The Slaves of Freedom ?

by Shabana S. on Juin 16, 2013 - 9:52am

http://www.guardian.co.uk/commentisfree/2013/apr/29/bangladesh-factory-tragedy-sweatshop-economics

This article got my attention, because it was about an event that had occured outside of Canada and I am usually interested knowing about what is happening elsewhere. Sweatshops are widely practiced in less developped countries, however this article relates to the poor working cinditions in Bangladesh. Where people work for low wages, long hours, and unhealthy working conditions. There are two movements; the Anti-Sweatshop refers to the movement that focuses to improve the abusive nature of sweatshop. It started in the 19th century in some industrialized countries and the Pro-sweatshop arguments, that focuses on favoring sweatshops and usually brings up the positive aspects of sweatshop.

Are the working conditions that the workers are exposed to ethical?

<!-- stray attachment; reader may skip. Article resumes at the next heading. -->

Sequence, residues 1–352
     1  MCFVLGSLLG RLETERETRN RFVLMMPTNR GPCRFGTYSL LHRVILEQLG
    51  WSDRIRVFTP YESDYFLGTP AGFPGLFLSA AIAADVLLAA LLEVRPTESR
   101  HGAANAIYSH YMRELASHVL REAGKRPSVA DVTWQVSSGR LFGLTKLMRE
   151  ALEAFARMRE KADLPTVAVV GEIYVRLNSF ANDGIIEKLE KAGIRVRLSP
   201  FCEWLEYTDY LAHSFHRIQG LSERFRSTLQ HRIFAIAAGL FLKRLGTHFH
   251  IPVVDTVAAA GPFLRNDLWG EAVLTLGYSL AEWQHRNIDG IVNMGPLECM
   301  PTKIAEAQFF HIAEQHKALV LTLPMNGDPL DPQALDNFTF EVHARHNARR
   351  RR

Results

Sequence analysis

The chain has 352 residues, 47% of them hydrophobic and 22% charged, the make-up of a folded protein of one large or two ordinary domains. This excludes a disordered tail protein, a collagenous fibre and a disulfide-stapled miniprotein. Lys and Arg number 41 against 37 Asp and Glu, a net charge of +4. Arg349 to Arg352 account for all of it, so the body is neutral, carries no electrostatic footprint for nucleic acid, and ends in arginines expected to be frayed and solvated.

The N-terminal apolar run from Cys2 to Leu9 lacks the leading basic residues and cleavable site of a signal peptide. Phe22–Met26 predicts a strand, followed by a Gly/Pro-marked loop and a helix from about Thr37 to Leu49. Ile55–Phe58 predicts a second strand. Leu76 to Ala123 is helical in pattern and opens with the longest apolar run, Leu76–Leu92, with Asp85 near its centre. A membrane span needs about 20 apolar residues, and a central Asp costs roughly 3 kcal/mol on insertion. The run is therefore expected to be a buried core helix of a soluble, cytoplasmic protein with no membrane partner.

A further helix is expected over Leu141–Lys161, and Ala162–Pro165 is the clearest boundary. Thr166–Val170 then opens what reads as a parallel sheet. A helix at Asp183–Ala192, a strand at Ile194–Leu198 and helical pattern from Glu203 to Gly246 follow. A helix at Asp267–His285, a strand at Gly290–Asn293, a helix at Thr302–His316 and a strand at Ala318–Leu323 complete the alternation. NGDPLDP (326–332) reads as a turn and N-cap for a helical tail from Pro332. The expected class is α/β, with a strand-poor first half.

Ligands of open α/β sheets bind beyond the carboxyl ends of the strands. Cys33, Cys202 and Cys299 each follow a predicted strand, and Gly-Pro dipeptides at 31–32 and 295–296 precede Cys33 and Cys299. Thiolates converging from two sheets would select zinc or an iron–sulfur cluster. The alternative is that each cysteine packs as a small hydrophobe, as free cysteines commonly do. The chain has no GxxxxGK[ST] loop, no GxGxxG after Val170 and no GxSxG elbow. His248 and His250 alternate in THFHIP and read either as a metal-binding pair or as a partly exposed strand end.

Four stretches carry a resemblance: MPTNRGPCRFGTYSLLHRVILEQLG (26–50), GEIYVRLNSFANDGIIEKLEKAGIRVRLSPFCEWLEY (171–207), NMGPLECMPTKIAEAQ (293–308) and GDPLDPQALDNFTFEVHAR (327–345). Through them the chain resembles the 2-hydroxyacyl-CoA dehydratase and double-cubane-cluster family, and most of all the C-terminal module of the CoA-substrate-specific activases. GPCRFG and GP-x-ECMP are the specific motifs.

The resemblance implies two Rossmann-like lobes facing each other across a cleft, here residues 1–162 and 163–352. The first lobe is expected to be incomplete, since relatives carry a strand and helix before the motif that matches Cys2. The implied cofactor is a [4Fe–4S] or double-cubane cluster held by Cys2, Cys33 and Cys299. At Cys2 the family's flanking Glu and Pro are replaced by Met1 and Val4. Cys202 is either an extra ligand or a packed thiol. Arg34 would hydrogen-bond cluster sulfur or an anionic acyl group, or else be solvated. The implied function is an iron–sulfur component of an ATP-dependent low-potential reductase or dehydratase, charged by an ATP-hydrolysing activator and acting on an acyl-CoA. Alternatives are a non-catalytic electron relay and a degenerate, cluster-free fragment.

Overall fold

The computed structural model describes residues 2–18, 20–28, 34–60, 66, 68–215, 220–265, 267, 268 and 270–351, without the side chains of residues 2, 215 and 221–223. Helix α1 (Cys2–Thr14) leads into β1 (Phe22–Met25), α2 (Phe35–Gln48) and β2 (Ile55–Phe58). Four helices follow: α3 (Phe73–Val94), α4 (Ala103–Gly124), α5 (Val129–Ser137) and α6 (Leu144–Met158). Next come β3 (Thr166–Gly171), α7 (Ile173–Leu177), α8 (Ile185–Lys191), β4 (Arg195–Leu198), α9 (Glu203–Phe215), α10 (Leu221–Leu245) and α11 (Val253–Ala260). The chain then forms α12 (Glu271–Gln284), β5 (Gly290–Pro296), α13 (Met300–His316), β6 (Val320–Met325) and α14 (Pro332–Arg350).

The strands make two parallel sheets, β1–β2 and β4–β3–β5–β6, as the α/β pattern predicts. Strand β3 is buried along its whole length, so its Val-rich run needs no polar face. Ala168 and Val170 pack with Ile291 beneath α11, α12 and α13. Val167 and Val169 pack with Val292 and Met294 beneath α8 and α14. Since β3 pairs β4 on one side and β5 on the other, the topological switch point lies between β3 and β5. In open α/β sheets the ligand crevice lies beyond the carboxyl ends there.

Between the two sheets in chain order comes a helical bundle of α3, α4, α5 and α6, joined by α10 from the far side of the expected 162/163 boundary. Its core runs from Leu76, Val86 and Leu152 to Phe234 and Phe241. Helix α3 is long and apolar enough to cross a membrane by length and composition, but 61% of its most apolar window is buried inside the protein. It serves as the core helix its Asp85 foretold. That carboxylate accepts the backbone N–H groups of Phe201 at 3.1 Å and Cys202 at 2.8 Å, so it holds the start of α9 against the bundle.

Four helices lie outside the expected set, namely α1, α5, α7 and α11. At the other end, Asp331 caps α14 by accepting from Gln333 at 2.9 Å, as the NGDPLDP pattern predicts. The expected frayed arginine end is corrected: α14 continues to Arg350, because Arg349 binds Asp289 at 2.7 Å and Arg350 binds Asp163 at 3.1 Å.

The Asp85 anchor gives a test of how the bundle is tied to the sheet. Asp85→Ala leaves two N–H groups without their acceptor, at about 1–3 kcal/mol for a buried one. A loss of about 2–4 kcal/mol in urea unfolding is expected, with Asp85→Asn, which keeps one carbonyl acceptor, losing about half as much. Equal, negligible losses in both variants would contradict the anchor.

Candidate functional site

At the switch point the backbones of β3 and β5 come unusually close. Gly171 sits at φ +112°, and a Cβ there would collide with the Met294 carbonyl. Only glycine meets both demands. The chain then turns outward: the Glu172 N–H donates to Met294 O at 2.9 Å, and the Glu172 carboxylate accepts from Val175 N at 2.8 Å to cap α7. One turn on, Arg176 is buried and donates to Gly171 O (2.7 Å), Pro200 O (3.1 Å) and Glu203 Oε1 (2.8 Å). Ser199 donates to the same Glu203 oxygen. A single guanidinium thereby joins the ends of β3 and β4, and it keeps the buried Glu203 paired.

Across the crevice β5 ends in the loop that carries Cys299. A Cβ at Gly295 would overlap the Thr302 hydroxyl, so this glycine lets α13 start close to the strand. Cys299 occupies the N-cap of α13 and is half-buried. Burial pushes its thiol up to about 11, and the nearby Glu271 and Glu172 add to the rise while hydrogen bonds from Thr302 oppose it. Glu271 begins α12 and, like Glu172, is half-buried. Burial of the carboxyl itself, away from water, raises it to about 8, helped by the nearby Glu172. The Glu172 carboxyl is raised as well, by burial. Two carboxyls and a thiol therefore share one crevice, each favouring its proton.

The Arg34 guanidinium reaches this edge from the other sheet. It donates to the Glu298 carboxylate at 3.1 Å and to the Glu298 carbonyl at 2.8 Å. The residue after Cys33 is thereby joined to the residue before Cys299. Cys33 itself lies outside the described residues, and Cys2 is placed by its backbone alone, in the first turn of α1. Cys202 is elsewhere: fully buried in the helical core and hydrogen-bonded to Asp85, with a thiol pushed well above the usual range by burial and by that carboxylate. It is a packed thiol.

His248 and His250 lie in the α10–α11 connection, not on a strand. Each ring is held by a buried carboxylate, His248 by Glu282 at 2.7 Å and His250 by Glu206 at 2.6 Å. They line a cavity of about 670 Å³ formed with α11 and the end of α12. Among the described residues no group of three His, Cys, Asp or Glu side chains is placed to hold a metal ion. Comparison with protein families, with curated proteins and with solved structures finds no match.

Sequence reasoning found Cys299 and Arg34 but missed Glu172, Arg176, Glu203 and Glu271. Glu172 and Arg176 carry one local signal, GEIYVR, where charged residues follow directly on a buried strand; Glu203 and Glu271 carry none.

It is immoral to abuse of others when on power, not that it is good when you are not on power, but it is even worst when the victim is vulnerable. And in this case, the victims involved are women, children and disabled people. Nobody deserves to live off wages so low that they can barely afford the essentials like food and shelter. There should be efforts of improvement taken in order to change things into a better working environment for these abused workers. It has been proven that a person’s work environment affects a their emotional and physical state, and if these workers are working in a environment that is so abusive than obviously it can affect them very negatively. Children are detached from their families; they are not even permitted to take a break in order visit their families. The working conditions are intense moreover the most disturbing is that women are forced to by their boss to take birth control pills to prevent future pregnancy, the boss are obviously not supporting maternity leave.

As the Pro-sweatshop movement states that there are worst jobs such as trash picking, prostitution and in worst-case scenario unemployment. It's all about free will and acknowledging that a person has the right and the ability to make decisions for themselves. But these workers are victims, who are not really left with a choice, in other words, it is either starvation or minimum wage.

Do you think that the West should get involved in these countries, in order to improve the worker’s condition?

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